A –  What I have said that if ridership was then only objective, then this is what you would do. But there are other objectives: social service, fairness and so on. What transit agencies are trying to do is meet contradictory needs. The question I asked was “What is the ridership where that is what you are trying to do?” Poor patronage (ridership) is seen on service that isn’t trying to get riders. South of the Fraser thinks it should get the same quantity of service as Vancouver. I would say no because what you are spending on roads in those areas equals the sum – it is not about fairness!

Q Is there a better or worse way to plan transit?

A It about how they chose to work together – service planning, schedules. There is an intimate connection between the schedulers and operations management (bus drivers). They all have to work together: planning is not about operations. The culture of the organization is significant – there are lots of ways to organise, which can include the private sector – it’s about relationships.

Q Paris – velolib – Montreal/Lyons – does this really work?

A Bike sharing can be one of the elements to increase access to transit. But there are d0wnsides to any system  [and Paris loses lots of bikes, said the next questioner, but the provider is making so much from its advertising contract they can continue to subsidize the Velolib]

Q – The provincial government speaks about the importance of post carbon economy but its MoT is hellbent on supporting Gateway

A – “I would like to work in this region again.”  They are working at cross purposes but you are better off than in Australia, where state governments maintain control of transit. Road investments are contrary to transit investments. The  trouble that you have getting what you want from province is no excuse for not doing anything. The choices that a city makes do a lot.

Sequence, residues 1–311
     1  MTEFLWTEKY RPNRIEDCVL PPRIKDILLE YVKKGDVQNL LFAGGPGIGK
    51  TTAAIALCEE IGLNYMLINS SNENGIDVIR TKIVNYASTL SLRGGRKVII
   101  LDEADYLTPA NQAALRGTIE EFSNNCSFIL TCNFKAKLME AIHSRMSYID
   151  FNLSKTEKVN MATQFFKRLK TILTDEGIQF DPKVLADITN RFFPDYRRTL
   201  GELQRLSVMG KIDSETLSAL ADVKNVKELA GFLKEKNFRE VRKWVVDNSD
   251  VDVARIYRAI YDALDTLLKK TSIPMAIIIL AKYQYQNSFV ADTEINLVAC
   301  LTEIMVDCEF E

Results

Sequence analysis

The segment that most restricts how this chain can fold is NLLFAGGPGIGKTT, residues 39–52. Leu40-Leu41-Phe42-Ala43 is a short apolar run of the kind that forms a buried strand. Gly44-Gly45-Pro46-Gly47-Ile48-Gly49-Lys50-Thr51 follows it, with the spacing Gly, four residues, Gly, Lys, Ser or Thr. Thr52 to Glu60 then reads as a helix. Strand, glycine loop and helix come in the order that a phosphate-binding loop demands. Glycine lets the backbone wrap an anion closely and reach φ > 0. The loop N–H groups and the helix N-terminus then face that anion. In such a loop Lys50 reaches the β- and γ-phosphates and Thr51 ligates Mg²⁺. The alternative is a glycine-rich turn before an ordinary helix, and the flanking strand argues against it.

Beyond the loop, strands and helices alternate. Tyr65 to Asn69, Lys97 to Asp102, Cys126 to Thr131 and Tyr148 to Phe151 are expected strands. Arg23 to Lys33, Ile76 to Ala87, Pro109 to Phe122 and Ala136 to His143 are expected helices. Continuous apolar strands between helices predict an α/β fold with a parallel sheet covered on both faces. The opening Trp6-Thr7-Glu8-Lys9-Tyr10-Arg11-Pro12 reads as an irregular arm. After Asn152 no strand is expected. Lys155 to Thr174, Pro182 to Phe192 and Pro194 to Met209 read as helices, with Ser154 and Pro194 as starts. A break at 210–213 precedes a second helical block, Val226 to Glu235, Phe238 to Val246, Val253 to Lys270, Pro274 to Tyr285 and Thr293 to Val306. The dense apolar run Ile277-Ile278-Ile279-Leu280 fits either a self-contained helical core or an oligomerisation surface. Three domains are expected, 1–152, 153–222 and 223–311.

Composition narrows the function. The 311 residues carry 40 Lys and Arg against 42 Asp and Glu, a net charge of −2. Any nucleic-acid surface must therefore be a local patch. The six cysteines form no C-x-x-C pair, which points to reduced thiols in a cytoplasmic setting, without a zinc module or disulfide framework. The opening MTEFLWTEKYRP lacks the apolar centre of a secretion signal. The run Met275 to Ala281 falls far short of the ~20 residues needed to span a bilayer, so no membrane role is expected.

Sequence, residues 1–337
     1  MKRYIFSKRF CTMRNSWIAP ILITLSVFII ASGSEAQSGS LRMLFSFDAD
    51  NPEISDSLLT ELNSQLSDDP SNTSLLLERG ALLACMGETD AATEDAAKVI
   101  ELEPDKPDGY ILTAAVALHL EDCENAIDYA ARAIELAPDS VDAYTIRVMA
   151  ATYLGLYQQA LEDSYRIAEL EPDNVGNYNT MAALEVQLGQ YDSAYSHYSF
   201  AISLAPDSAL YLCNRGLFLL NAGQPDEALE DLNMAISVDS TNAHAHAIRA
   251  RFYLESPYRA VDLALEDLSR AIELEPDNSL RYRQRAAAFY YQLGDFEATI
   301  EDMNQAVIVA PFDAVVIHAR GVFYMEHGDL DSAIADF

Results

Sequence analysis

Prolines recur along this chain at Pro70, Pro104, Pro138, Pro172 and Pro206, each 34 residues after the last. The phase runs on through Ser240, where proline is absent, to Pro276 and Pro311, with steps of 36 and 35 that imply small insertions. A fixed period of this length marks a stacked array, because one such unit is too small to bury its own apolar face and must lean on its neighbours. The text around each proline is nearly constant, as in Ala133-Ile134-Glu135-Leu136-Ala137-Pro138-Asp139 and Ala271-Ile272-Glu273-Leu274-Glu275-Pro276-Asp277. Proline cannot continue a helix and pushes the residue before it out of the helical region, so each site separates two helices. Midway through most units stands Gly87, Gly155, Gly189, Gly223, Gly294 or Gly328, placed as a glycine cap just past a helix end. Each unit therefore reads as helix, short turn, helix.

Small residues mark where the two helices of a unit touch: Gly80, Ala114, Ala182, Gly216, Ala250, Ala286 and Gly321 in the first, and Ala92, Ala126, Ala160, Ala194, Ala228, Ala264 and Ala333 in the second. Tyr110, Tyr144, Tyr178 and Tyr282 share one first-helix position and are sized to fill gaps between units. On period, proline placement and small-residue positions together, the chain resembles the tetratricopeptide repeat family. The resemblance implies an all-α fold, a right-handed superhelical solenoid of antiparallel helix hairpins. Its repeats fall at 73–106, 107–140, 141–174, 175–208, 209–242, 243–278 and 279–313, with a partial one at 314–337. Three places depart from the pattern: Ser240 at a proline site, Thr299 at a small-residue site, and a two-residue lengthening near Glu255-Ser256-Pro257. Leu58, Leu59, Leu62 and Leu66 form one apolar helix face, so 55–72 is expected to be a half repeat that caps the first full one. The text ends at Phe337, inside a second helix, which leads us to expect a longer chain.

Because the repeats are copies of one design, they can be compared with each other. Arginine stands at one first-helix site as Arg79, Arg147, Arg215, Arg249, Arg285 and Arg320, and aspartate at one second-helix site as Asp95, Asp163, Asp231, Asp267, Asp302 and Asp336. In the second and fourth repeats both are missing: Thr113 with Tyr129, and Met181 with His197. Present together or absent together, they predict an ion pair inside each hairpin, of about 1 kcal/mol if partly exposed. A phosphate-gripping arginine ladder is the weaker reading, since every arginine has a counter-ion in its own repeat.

Q – Can you talk about transit pricing specifically no fares

A –  So far these have only worked  in small cities – fare free and subsidized by the university. Pricing has to be realistic compared to other things. A lot of futile effort goes into trying to produce a perfectly fair system – which is not possible.

Q There is a need to improve transit specifically extending SkyTrain beyond King George station.

A That is very expensive. There a lot of people in Langley, but they live far apart . If Surrey is ready to build towers around SkyTrain stations the it can be extended but Broadway is ready now for transit.

Q What can we learn from Sydney – I would say better integration of buses with ferries

A   Sydney’s weather is better

Q – Interurban to Chilliwack – construction of transit – cut and cover vs boring